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Berkeley Law Dean: Executive Privilege Is Not Absolute

Erwin Chemerinsky says an impeachment trial’s need to hear witnesses overrides White House claims of executive privilege.

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Trump lawyers Jay Sekulow (left) and Pat Cipollone. (Photo by Drew Angerer/Getty Images)

University of California, Berkeley, Law School Dean Erwin Chemerinsky’s commentary on President Trump’s impeachment trial continues. The following interview, which discusses this week’s arguments presented by Trump’s lawyers, has been edited for concision and clarity.


 
Capital & Main: President Trump’s defense has wrapped up three days of its case and now it’s onto questioning. Regarding potential witnesses: Did Trump waive any executive privilege by very publicly calling Bolton a liar?

Erwin Chemerinsky: It’s not clear whether executive privilege would really apply here. Given all that’s been said, given what Trump has said, given what Bolton’s published. Also, it’s really crucial to remember, executive privilege is not absolute. The Supreme Court isn’t clear that executive privilege must yield to overriding needs for the information. I would say the need in an impeachment trial would certainly override executive privilege. And all of that is without even getting to the question [of] whether Trump calling Bolton a liar waives executive privilege.

Could the Supreme Court rule on this?

It’s enormously complicated. If Trump would invoke executive privilege and keep Bolton from testifying if he was subpoenaed, the first question would then be, would the Senate uphold executive privilege? It could then go to the courts and we’d have to start in the federal district court. The Supreme Court could say it’s entirely up to the Senate as to what to do, or the Supreme Court could resolve the issue. It’s just unclear.

The president’s lawyers and most of the GOP now say, “We shouldn’t even be doing this. Trying to remove a president in an election year undermines the will of the voters.” Some senators in the Andrew Johnson trial voted for acquittal based on this argument. Does this have any merit?

The Constitution doesn’t say, “A president can be impeached and removed, except in an election year.” If the framers wanted to do that, they could have. Andrew Johnson was impeached and one vote short of removal in 1868, which was an election year. Any impeachment removal of the president is by definition overturning the results of an election, but that’s the only mechanism that we have in the Constitution. There’s no such thing as no-confidence votes under the U.S. Constitution.

There are some contradictions too between what the Justice Department is saying and what Trump’s lawyers are saying. Trump’s lawyers have been criticizing the House for not going to court to obtain more evidence, but the DOJ says the House’s committee managers may not seek to enforce subpoenas. Are either of them right, and is this apparent contradiction a problem for the process?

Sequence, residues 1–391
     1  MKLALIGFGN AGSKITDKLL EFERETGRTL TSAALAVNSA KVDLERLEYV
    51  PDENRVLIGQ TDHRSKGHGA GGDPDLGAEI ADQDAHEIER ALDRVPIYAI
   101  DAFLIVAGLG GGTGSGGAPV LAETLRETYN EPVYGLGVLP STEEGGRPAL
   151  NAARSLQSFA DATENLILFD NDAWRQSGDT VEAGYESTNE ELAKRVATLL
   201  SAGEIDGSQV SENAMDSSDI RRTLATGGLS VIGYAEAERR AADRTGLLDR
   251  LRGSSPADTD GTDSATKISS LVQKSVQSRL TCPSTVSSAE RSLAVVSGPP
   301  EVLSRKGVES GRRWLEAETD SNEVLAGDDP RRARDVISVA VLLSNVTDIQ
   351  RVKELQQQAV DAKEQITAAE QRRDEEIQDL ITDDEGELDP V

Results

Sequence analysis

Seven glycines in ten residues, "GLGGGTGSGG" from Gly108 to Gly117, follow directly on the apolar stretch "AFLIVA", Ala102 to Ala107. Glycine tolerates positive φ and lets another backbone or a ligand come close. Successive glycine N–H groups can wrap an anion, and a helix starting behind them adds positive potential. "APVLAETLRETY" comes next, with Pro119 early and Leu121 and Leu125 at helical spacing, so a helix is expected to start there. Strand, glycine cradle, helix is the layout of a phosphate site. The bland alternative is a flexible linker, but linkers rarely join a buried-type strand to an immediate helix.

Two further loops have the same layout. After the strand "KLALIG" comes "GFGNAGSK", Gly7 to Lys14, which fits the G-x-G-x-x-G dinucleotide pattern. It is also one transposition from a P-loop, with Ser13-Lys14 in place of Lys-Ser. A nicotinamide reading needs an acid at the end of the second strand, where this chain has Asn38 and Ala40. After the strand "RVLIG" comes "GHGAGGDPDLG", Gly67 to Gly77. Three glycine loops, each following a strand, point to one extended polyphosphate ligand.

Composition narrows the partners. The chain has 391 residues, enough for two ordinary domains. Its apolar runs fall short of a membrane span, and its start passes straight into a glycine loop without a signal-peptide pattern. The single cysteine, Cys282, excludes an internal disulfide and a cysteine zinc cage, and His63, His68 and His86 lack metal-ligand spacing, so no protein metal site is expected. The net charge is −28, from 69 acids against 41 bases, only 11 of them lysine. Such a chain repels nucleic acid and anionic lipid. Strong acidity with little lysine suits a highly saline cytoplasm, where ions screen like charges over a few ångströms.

If the House of Representatives wanted to go to court to force the subpoenas, they would have to have the United States Department of Justice do that for them. The House believed that the Trump Justice Department would not go to court for that. The House couldn’t have tried to invoke its inherent contempt power. It hasn’t been used since the early 1930s, [when] the House would either fine someone or lock the person up in the basement of the House until the person was willing to testify. But it is correct that to go to court to enforce a congressional subpoena requires an action of the Justice Department.

Last December a House member voted for one article and not the other. Is that possible in this case, that someone wants to split the baby in half? Because it seems to me that with the two articles of impeachment, abuse of power and obstruction of Congress, one flows to the other. Can you vote for one and not the other?

I think it’s very possible to vote for one of the articles but not the other. For example, someone could say, “I don’t think that what President Trump did, withholding aid, rises to the level of an impeachable offense, but his absolute refusal to comply with congressional investigations is an abuse of power that warrants impeachment.” Or someone could say the reverse and say, “I think the withholding of the aid, using his office for personal political gain is impermissible, but I don’t want to see impeachment removal done for not complying with congressional subpoenas.” Obviously also, somebody could find both articles of impeachment to be a basis of removal – or neither.

Some GOP Senators are saying, “Okay, if we have witnesses, we want to call Hunter Biden.” How is he even remotely relevant to the two articles of impeachment that they’re going to vote on?

In one sense, Hunter Biden is totally irrelevant to this. On the other hand, it’s clear that what this was about was trying to embarrass Joe Biden in a way to harm his political campaign, and calling Hunter Biden would certainly be part of embarrassing Joe Biden. What the Republicans would say is that this was all about President Trump doing his job as president and trying to uncover corruption in the Ukraine.  The evidence is overwhelming that Hunter Biden [and] Joe Biden did nothing wrong. And yet, I think it’s the way in which the Republicans are going to try to shift the focus that hurts Joe Biden.


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